Photo by Paula O’Hara
I, as a rule, do not curse. And it’s hard to explain to children why cursing is bad. I act this way for several reasons; religious, personal, and professional. This makes what happened to me even more embarrassing. I was reading a passage to a group of twenty third grade students when my principal came in to talk to me. She makes me nervous. After she left, I continued reading aloud and read “Then you wash it.” Except I did not say “wash it”, I said “sh*t”. I had done what I personally never do, in front of kids who all started calling me out on my language faux pas. This was a learning moment for me as a teacher, and one that you will inevitably face as a parent.
Teaching your kids why cursing is bad can be tricky. If you regularly use “colorful language”, it will make your job even harder. Regardless of your feelings about cursing, no one wants their four year old walking around saying expletives! Here are some thoughts about teaching your kids about cursing.
Evaluate how the child is using it. Kids, especially young kids, may use a curse word innocently or passively to see how you will react. Are they using it to express anger? Or simply saying it out of context? Instead of making a big deal out of the occurrence, try asking them what they meant by it. Then ask them if they can use another word instead. You can say “In this house, we use the word _________ to express that feeling.” When that doesn’t work…
Explain the difference between a positive word and a negative word. Try not to go too deep into this, because the meaning may get lost in the discussion. Express the difference between a word that makes people feel good, and a word that makes people feel badly. Build up their confidence that they are kind and caring, and should use positive words to show that to others. But if they say they heard “_________ say it…”
Be real with them. Explain that everyone makes mistakes, and that word was not said in a nice way. The important thing about mistakes is to fix it, and that person “fixed it”. It is important to tell the other person about the situation. Although it may seem comical, kids are human tape recorders and will be a repeat curse word offender if they hear others not changing their ways.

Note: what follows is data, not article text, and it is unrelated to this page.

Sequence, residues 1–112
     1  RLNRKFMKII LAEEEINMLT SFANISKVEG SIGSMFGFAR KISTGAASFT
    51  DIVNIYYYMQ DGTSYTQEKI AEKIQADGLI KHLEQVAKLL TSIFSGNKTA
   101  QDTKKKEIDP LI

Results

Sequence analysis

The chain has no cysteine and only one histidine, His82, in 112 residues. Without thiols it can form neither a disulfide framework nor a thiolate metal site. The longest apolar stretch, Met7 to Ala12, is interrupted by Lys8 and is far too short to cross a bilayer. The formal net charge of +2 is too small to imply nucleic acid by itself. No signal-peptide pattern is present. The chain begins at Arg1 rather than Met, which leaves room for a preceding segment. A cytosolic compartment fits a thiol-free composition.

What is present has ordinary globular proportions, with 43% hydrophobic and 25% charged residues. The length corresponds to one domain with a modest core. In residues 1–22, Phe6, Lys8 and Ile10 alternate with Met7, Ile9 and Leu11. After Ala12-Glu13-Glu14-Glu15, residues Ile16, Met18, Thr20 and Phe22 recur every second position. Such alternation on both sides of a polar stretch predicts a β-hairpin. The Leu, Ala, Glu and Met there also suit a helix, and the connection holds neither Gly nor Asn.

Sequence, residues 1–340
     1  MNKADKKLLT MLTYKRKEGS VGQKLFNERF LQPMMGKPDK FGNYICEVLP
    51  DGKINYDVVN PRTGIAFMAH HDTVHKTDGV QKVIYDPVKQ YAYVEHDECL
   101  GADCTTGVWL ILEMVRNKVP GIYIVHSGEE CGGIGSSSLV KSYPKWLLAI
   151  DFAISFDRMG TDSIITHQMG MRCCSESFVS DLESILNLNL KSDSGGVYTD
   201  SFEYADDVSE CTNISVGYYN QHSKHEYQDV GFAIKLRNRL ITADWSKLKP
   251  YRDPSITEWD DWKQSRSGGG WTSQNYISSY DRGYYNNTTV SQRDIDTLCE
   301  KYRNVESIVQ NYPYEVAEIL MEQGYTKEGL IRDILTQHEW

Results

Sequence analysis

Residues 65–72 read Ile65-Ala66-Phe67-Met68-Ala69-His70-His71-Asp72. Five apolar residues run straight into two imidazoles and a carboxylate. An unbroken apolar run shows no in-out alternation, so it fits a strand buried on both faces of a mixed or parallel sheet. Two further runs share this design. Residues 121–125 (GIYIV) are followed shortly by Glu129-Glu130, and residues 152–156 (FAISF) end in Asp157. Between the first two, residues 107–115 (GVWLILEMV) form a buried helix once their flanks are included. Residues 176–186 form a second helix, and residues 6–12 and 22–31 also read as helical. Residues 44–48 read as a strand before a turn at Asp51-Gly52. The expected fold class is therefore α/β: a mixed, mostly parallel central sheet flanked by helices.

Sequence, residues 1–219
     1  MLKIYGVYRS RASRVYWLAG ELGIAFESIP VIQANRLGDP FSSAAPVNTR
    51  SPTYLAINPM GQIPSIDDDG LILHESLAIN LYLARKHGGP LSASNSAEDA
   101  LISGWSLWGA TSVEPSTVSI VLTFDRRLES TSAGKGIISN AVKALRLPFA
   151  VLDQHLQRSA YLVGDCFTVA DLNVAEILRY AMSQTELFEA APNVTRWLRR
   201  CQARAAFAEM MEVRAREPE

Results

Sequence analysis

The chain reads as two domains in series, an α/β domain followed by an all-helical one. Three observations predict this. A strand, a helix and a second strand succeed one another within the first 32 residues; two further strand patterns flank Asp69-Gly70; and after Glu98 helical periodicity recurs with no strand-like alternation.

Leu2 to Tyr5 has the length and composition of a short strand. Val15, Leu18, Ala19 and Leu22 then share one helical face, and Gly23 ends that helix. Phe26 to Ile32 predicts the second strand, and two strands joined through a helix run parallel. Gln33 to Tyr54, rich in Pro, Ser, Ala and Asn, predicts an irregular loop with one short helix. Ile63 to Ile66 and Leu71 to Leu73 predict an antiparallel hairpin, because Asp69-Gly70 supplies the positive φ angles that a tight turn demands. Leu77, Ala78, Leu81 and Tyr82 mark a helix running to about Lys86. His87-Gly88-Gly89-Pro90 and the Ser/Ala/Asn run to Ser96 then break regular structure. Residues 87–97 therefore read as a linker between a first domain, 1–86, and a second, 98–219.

Monitor television and music exposure. This is the most difficult task of all. No parents can monitor their children all the time, but setting parental guidelines on television settings will be a huge help. You can set your television to require a password for certain ratings. Upon studying the rating system, PG means it may contain one or more of: violence (D), infrequent coarse language (L), some sexual situations (S) or moderate violence (V). Review television guidelines for more information on television rating systems. If some language is said in front of you and your child, and they pick up on it, discuss other words the character could have used instead.
Make it a family affair. Make a commitment to keep the home “curse word free”. Although it may be difficult to change habits, it can be done. The age old “swear jar” is a creative way to get mom and dad to curb their curse word habits. Another option is to come up with an alternative word to use instead, similar to what was discussed in the first point. Personally, my niece was in a phase where she was saying “Fiddlesticks” all the time, so now that is what I say when I am frustrated! It may sound silly, but it works. You could even make a family chart and assign words for frustration, anger, hurt, stress, or annoyance. This will also help build your child’s vocabulary while helping their language stay curse word free.
In the end, no one is perfect. I was reading Good Night Moon to my four month old son and I did it again! The line was “Two bears sitting in chairs” and, well, I said the bears were doing something else in chairs! The most important thing is to create an environment with an open dialogue with your children to discuss proper speaking behavior. This will help continue to build an open problem solving relationship within your family.